Can a Dog Detect a Human Illness with its Nose?

The Rumor Detector

Agence Science-Presse (

The very idea that a dog’s exceptional sense of smell can be put to use identifying illnesses occasionally arises. The idea doesn’t easily go away; but there are obstacles, says the Rumor Detector and the McGill Office for Science and Society.

The Rumor’s Origin

There is no doubt that a dog is far superior to humans in terms of its sense of smell: its genetics and its anatomy allow for it to detect more odors in lesser concentrations. The Greek Hippocrates mentioned, 2,400 years ago, a change of odor in “fever patients.”  A Chinese medical text from the same period contains the most ancient known observation of the detection by smell of an illness in a human organ. It took until the end of the 1700s for the first attempts to analyze human breath with a machine constructed for that use.

Many molecules contained in our breath are volatile organic compounds (VOCs). These molecules contain carbon atoms, upon which life as we know it is based. They easily evaporate at room temperature, rendering them detectable in the air.

These airborne VOCs exit us in multiple ways. For example, acetone is generated by bacteria in our bodies. Propanol can be found in rubbing alcohol and personal care products.

Breath analyses “without a canine detector” are frequently used. For example, to sample the bacteria responsible for stomach ulcers, we ingest radioactively marked urea, which is metabolized into carbon dioxide, which can in turn be detected in our breath. Hydrogen, nitric oxide and a few other molecules play important roles in diagnoses. And of course, there’s the breathalyzer: your breath can betray how much you’ve had to drink.

Dog Facts

In the medical literature, one of the very oldest observations of dog sniffing out an illness came in the form of a short letter published in The Lancet on April 1st, 1989. And this was no April Fool’s joke. A 44-year-old woman had discovered that she was suffering from skin cancer because her dog would sniff the lesion, and even try to bite it when its master wore shorts.

Researchers then started to train and test small groups of dogs with the goal of detecting specific cancers in urine, sweat and breath samples. It works like this: the dog goes into a room and sniffs several containers. To attract its attention towards the container containing cancerous cells, a bit of dog food is added to it. When the dog sniffs the right container, it eats the dog food as a reward and leaves the room. This is repeated several times. Eventually the food is withdrawn, and we are left with a dog that can theoretically detect a type of cancer in a type of sample.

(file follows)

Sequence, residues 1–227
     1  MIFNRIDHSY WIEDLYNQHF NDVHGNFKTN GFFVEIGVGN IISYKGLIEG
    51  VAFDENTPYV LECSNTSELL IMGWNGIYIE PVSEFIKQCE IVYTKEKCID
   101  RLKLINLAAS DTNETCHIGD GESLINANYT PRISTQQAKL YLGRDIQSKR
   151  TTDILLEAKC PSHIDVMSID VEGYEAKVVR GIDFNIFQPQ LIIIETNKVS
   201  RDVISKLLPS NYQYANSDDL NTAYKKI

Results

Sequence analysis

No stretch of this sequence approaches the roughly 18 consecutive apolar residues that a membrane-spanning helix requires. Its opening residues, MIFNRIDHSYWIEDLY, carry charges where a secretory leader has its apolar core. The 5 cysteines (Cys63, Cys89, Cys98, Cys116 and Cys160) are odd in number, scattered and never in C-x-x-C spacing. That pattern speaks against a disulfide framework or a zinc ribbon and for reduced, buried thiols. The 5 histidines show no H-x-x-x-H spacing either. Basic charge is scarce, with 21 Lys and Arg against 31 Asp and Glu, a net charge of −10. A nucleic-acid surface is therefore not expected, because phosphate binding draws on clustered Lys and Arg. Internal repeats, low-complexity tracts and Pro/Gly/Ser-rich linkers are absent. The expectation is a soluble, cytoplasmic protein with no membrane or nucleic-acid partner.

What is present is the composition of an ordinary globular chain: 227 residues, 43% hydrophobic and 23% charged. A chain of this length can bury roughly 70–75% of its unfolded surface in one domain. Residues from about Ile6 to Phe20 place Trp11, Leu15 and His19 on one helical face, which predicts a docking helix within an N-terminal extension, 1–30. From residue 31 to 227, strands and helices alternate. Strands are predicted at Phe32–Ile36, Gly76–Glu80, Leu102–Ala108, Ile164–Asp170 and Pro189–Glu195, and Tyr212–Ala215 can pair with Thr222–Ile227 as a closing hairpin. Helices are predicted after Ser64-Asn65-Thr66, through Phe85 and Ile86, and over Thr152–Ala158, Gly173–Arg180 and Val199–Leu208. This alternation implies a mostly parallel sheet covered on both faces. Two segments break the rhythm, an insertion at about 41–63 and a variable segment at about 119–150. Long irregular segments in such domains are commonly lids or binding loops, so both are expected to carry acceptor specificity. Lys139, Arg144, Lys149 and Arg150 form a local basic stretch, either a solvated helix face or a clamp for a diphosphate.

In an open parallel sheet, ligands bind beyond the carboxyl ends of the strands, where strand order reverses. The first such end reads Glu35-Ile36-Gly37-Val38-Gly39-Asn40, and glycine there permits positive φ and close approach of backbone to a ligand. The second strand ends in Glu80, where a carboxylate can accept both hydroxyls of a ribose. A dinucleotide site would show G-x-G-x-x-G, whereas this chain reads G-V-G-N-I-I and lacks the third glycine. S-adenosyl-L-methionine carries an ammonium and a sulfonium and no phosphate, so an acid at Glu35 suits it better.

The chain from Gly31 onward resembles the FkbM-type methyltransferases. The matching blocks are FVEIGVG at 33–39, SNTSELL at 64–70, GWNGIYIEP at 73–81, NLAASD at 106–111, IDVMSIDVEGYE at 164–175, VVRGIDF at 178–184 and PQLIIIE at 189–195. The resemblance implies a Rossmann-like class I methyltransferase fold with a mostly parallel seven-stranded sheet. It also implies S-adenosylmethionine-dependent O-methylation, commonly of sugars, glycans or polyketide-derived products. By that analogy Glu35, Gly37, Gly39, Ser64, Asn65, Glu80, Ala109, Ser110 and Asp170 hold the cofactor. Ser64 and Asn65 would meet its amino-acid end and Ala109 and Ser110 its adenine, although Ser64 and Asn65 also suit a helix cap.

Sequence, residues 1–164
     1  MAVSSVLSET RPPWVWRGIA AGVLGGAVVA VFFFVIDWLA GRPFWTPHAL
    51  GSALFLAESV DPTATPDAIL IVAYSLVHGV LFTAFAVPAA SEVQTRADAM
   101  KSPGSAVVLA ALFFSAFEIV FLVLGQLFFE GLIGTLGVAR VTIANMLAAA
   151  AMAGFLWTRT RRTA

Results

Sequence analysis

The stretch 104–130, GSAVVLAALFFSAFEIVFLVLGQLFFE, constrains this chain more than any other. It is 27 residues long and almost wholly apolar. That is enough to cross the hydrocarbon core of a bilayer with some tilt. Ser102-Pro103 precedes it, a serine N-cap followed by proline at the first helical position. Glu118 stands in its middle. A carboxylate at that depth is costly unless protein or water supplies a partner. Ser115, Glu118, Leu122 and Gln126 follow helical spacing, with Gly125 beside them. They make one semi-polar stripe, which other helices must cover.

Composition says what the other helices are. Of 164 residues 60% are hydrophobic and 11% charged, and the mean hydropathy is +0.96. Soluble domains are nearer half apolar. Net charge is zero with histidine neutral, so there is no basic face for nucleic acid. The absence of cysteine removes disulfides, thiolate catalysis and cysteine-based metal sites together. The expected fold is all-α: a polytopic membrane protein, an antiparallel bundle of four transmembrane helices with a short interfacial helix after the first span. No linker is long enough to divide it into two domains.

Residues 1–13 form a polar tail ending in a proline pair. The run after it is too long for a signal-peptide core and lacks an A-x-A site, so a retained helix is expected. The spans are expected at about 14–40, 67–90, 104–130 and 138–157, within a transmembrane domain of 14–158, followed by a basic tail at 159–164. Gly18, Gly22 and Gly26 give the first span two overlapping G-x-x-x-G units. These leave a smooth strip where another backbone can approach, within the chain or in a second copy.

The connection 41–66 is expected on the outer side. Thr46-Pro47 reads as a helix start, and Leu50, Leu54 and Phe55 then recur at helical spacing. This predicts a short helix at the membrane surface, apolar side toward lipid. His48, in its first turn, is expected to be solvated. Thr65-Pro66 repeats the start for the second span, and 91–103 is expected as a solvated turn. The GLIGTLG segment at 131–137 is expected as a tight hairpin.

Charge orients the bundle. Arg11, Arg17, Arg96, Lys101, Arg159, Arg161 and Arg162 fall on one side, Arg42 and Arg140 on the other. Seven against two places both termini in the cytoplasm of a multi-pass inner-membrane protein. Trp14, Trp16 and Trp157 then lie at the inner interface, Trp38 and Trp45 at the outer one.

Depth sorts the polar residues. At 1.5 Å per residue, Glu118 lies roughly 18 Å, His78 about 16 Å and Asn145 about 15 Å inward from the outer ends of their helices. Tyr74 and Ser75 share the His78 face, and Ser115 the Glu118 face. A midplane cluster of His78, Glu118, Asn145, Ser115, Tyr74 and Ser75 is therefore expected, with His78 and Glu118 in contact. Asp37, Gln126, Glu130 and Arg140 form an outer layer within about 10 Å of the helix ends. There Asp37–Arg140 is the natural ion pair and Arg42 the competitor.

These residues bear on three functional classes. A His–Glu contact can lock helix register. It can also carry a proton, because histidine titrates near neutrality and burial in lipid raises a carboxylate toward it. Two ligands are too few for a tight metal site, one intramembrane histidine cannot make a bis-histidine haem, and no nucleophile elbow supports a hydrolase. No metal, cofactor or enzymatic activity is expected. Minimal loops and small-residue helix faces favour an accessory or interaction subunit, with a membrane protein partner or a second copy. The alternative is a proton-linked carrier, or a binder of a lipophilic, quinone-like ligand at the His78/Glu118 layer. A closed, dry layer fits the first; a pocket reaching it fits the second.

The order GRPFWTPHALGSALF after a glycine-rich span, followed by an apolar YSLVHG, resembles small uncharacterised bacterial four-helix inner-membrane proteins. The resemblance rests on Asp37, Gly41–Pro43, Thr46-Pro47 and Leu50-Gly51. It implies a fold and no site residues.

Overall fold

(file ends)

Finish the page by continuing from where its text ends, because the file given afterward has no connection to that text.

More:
The First Issue: Is a Dog Reliable?

The first problem is that the accuracy level of dogs varies a whole lot. Several have noted variations between breeds, and even from one dog to another. That even goes for dogs trained the same way in the same institution.

There’s also a concentration problem. A beagle trained to weed out C. difficile infections in hospitals was easily distracted, we learn by reading a scientific article. A visit to a pediatric wing was useless. The children were too excited by the presence of a dog.

And diabetes is another problem. Some dogs are trained to warn their master if their blood sugar level gets too low or too high. Except that exactly what those dogs are detecting isn’t too clear: it could be elevated levels of isoprene in the breath, or even muscle spasms. Though the presence of these dogs can increase the quality of life and lessen the burden of a diabetic, their reliability in signaling hypoglycemia is debatable. In a study of 14 of these dogs, the performance of only three of them was greater than random chance. The dogs’ owners may not agree, but a study casts doubt on their testimonies: while the aptitude of eight dogs to detect hypoglycemia was judged to be mediocre – an average of 14.5 false alerts per week – the owners gave researchers a “way too optimistic” evaluation of their dogs’ performance.  

The explanation rests in part in what constitutes an “alert” on the part of a dog. It may bring over a medical kit, but it could also bark, lick, jump, growl, scratch… In short, it could act like a dog. That leaves a lot of room for interpretation.

The Second Issue: A Dog is Not a Machine

The question of alerts goes back to the basic difference between a dog and a machine: you can’t “program” a dog with standardized instructions. “Animals are very hard to ‘manufacture’ in large quantities, to train, standardize and regulate,” explains Dr. Madhukar Pai, Director of the McGill International TB Centre. He has written, among many topics, on the laboratory uses of a giant African pouched rat, the Cricetomys of the savannah, in sniffing out tuberculosis in people’s spit.  

Training animals is a long and costly process. It’s not easy to adapt dogs on a large scale, and a certain maintenance of the learning process is necessary so that the dog doesn’t lose its precious ability. And the dog will also have its bad days. A dog with a respiratory infection can’t do this task. It could, moreover, transmit bacteria to humans. And what happens if a dog bites someone while trying to sniff out C. difficile?  

What dogs and other animals do prove is that some diseases can be identified by an odor. It has become possible to identify these molecules and to construct machines capable of detecting them.

This article is an adaptation of a piece by Jonathan Jarry on the McGill Office for Science and Society website

Link to the original article

This article is part of the Rumor Detector series; click here  for more articles in the series.

Be the first to comment

Leave a Reply

Your email address will not be published.